It got a lot sandier the nearer we got to Bedourie; and distant landforms once again became indistinct and mirage-like. We'd been told in Middleton that Bedourie is prettier than Birdsville. And it is. But our impression was coloured somewhat by the fact that the Royal Hotel, dating from 1880, was unable to serve us coffee; not that the surly serving girl cared. I concluded that the best thing about the place was the colour of its corrugated roof.  

It was siesta time for the many Little Corellas.

There were a number of points of interest from then on en route to Birdsville. Bedourie is on Eyre Creek, but there it was pretty dry –  I still can't stop comparing dry channels – in contrast to the crossing at Glengyle. I couldn't quite conceive of a station as big as the sign described. Its permanent waterholes and flood plain pastures made it an attractive property for Sidney Kidman to acquire in 1903.

 
 

Cuttaburra Crossing, another permanent waterhole, is a little further south. We pulled into a lay-by just beforehand, thinking we were there, and were a little disappointed to find only a shy pelican and the ubiquitous White-necked Heron. (Only now have I spotted the cow in the picture.) After lunch, we continued down the road and soon came upon the actual crossing, busy with birds such as ducks, pellies, both Royal and Yellow-billed spoonbills, herons, eagles and a Nankeen Kestrel. 

Bird on a crossing

Cuttaburra lies between Lake Koolivoo and Lake Machattie. You can make a 60-km detour around the latter, from King Creek Crossing. When Machattie contains lots of water, it's claimed to be the largest pellie breeding area in Australia, but I have heard that said about other watery locations, namely one of the lakes in Currawinya National Park, north of Hungerford on the Queensland/New South Wales border. We decided against the detour, partly because we'd seen lots of birds at Cuttaburra; we weren't sure there was any water in the lake; and one description of the route mentioned lake 'glimpses'.

The Eyre Development Road (from Bedourie to Birdsville) became increasingly tiresome, with it's alternating sealed and highly corrugated sections. I later read about Royal Mail Service No 276, from Boulia to Bedourie, and it struck a chord.

Eddie Miller, overseer of Royal Mail Service No 276, had a pretty easy job on paper. All he had to do was load his truck with mail, provisions and passengers in Boulia on Thursday, drive 247 km south to Glengyle Station, stopping overnight at Bedourie, and return to Boulia on Saturday arvo, a trip of 494 km and three days in which to do it. But you don't get the real picture until you learn that the roads in Eddie's day were pretty crook, and that was in an extremely good season. Eddie used to tell the story of another old Channel Country mailman and his passenger driving through a blinding dust storm at night, and the passenger asking how the hell the mailman knew where the road was. 'When I get on to some smooth going I know I'm off the road for sure,' was his reply.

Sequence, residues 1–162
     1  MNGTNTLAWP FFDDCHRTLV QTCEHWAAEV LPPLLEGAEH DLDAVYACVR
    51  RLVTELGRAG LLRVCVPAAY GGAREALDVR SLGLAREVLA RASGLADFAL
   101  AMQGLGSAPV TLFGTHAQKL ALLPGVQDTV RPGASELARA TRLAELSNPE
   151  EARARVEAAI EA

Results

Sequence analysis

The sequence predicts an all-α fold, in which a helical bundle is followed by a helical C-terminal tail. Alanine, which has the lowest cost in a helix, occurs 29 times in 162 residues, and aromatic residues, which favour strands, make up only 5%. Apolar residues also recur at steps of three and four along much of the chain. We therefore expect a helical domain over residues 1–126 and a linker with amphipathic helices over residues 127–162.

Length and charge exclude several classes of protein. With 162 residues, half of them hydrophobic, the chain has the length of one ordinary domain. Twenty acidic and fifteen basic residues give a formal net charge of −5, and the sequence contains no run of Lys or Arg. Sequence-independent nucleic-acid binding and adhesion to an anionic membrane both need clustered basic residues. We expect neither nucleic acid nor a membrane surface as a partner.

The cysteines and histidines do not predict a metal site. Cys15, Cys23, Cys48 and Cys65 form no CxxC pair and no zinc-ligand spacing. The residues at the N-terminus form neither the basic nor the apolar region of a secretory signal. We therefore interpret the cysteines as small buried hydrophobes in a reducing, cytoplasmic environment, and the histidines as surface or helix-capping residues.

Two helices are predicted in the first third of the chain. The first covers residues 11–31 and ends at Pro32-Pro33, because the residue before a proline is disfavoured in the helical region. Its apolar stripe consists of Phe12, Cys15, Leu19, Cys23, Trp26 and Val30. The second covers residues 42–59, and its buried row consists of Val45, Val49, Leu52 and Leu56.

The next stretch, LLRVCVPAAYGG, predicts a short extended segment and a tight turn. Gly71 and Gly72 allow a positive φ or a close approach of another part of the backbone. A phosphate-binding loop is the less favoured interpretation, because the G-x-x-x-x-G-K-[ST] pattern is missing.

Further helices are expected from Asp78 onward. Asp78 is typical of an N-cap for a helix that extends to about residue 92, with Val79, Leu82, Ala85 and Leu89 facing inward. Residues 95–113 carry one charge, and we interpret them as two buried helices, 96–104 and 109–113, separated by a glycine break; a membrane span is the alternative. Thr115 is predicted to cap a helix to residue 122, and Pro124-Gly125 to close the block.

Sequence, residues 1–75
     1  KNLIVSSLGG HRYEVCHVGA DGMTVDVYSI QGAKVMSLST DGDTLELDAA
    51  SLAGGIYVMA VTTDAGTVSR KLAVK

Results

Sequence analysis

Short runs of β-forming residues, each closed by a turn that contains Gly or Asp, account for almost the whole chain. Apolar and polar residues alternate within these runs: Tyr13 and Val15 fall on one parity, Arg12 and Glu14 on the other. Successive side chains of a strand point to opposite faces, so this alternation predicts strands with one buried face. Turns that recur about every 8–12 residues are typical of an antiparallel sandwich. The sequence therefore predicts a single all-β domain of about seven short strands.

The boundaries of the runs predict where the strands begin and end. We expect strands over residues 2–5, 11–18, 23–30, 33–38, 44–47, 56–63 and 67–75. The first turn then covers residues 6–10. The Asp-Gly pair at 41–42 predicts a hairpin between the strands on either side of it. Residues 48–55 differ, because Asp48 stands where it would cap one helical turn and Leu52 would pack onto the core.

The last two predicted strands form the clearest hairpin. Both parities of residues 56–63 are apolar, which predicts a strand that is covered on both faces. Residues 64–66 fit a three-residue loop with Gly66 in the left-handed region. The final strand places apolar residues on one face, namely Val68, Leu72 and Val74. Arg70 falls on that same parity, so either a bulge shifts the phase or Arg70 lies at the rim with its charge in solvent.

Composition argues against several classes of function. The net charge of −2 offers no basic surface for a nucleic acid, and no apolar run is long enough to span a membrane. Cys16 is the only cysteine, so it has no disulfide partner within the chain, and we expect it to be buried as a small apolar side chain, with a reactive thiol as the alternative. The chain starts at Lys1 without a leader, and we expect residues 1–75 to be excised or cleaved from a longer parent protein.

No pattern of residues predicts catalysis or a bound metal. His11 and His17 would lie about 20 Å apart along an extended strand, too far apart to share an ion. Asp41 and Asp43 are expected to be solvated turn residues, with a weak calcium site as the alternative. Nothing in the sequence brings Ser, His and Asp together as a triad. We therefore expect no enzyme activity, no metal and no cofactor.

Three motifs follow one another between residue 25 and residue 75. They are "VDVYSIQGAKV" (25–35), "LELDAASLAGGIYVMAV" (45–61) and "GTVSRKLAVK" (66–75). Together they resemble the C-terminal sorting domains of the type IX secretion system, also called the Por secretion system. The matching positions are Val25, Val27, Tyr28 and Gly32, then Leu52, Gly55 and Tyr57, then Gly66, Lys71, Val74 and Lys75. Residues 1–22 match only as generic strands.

There was another treat in store before we reached Queensland's most iconic Outback town. About 12 kilometres north of it is a stand of uncommon Waddi trees. They are tall (3-4 metres) and as such look rather out of place compared with most vegetation in these arid lands. Most are between 500 and 1000 years old; they are very slow growing. They resemble Casuarinas, but more raggedy.

You don't need to know the address of the Birdsville Hotel: you can't really miss it; and you'll almost certainly have seen a photograph of it somewhere before. You could almost be forgiven for thinking the town itself (top of page) looks a bit sparse and bleak, if it wasn't for the excitement of having finally got there.

Seated outside was a cowboy who looked as though he'd nodded off in the late afternoon sun. But in fact he was checking his phone. Of course he was. There was mobile reception and wifi here, as there had been in every town we'd stayed in so far on the trip. Every evening I was able to post photos hot off the camera; all that day's action on Facebook within hours, if I wanted.

I hoped all my illusions of remoteness weren't going to be wrecked by the reality of comms in the furthest-flung Outback towns.

This post was last edited on 19 September 2014

Outback 2: the best day

Outback 2: the best day

Outback 2: The remote and beautiful Diamantina

Outback 2: The remote and beautiful Diamantina